Sergey Vasiliev is Deputy Chairman of the Board at Vnesheconombank. 22

The New Colonels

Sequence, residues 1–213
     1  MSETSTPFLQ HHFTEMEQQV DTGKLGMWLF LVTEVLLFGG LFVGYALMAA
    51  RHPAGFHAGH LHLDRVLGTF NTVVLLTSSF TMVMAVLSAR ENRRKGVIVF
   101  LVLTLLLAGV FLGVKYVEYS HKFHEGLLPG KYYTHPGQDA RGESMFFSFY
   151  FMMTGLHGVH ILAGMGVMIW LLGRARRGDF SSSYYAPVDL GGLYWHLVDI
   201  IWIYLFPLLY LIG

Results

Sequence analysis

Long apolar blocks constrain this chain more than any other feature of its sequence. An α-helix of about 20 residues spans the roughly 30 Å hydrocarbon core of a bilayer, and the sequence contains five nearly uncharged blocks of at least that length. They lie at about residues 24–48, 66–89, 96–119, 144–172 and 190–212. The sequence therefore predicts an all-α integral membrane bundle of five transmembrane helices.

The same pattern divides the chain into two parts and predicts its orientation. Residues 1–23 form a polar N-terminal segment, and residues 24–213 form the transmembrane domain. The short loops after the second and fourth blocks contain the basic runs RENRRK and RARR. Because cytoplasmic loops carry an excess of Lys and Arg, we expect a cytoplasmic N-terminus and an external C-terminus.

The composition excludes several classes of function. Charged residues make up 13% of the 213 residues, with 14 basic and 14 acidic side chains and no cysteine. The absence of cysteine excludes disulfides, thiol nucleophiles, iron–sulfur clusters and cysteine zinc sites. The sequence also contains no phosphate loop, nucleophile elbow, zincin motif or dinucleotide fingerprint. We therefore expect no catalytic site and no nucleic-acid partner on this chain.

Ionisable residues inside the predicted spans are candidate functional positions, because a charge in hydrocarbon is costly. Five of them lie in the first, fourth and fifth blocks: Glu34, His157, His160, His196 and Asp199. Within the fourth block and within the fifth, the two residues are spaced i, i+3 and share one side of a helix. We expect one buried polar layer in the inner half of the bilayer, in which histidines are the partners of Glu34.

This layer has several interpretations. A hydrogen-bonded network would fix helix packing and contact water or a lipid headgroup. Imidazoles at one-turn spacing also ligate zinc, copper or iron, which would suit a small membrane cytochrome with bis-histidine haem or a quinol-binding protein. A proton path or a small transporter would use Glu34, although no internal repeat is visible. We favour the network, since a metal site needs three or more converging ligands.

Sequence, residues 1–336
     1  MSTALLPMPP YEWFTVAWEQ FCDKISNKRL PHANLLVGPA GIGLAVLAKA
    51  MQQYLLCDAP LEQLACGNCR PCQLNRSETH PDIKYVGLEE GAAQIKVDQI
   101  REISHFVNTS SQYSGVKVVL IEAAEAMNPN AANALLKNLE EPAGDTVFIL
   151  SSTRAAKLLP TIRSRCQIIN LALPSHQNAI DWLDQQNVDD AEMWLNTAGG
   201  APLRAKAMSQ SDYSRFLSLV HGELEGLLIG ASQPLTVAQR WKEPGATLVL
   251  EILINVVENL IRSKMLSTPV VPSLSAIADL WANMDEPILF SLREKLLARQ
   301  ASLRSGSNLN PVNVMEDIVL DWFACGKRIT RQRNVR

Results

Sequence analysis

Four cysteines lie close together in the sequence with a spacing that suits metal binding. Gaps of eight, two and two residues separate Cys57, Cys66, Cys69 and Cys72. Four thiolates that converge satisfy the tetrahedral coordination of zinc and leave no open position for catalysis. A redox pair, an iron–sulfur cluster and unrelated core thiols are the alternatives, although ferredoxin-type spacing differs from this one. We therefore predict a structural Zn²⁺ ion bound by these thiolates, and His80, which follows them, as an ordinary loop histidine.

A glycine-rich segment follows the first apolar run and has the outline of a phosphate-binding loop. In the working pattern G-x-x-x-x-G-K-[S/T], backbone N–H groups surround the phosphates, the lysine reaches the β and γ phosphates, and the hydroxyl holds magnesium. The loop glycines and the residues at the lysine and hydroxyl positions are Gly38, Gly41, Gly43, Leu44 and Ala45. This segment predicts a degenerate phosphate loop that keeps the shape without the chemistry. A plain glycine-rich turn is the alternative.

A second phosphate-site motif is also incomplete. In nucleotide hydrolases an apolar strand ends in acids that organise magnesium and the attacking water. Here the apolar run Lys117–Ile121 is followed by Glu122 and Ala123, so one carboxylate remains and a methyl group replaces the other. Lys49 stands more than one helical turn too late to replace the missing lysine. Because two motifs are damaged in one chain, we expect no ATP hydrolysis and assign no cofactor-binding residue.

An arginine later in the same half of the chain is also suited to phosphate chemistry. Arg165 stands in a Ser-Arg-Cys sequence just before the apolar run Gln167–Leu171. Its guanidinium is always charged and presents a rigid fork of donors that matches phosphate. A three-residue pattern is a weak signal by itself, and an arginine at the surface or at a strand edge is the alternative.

To this day the main political power in Brazil rests in the hands of the states and their representatives, or the ‘new colonels’, and not so much with the federal parties. These new colonels are not too poor and not too rich; they are not a part of the economic elite, even though several generations of their ancestors were well off. They love power more than money, and they are skilled at manipulating people. They charm the public with their improvised speeches and artfully build their relations with the local elites. The entire power of the new colonels is predicated on a system of personal relationships, on their ability to get the right people to join their teams. What sort of lessons can a foreign business learn from this situation? You should negotiate at the regional level. The local governor and the state assembly call more shots around here than meets the eye. Similarities with Russia are obvious, yet there is a major difference. In Russia, governors are appointed by the central government, while in Brazil governors are independent. Governors and senators are friends of the local press and often even control it. The mass media at the federal level are virtually non-existent. One of my friends, an entrepreneur, was very surprised to learn about the attitude to commitments in Brazil: “Nobody keeps their promises around here – how do people live?” I suppose that a part of the reason why the cooperation between Russia and Brazil is not developing as fast as it could have lies in the lax attitudes intrinsic to both countries. It would take a foreign national a long time to build long-term relationships. Therefore, my advice is to learn Portuguese. In an environment where the informal side of things plays the decisive role, and a joint fishing trip or game of golf are more likely to open doors to the local business reality than the best business case possibly could, one cannot survive without the language. Brazilians regard English as an alien language, and two alien languages in the same equation equals alienation squared. A Brazilian who speaks English would come across more as an American and this can be disorientating. He or she would never say what is truly on their mind; they would have to remain too politically correct. Parenthetically, the Portuguese language is sufficiently easy to learn – all you have to do is immerse yourself in the language for three months. This kind of knowledge will be repaid a hundredfold.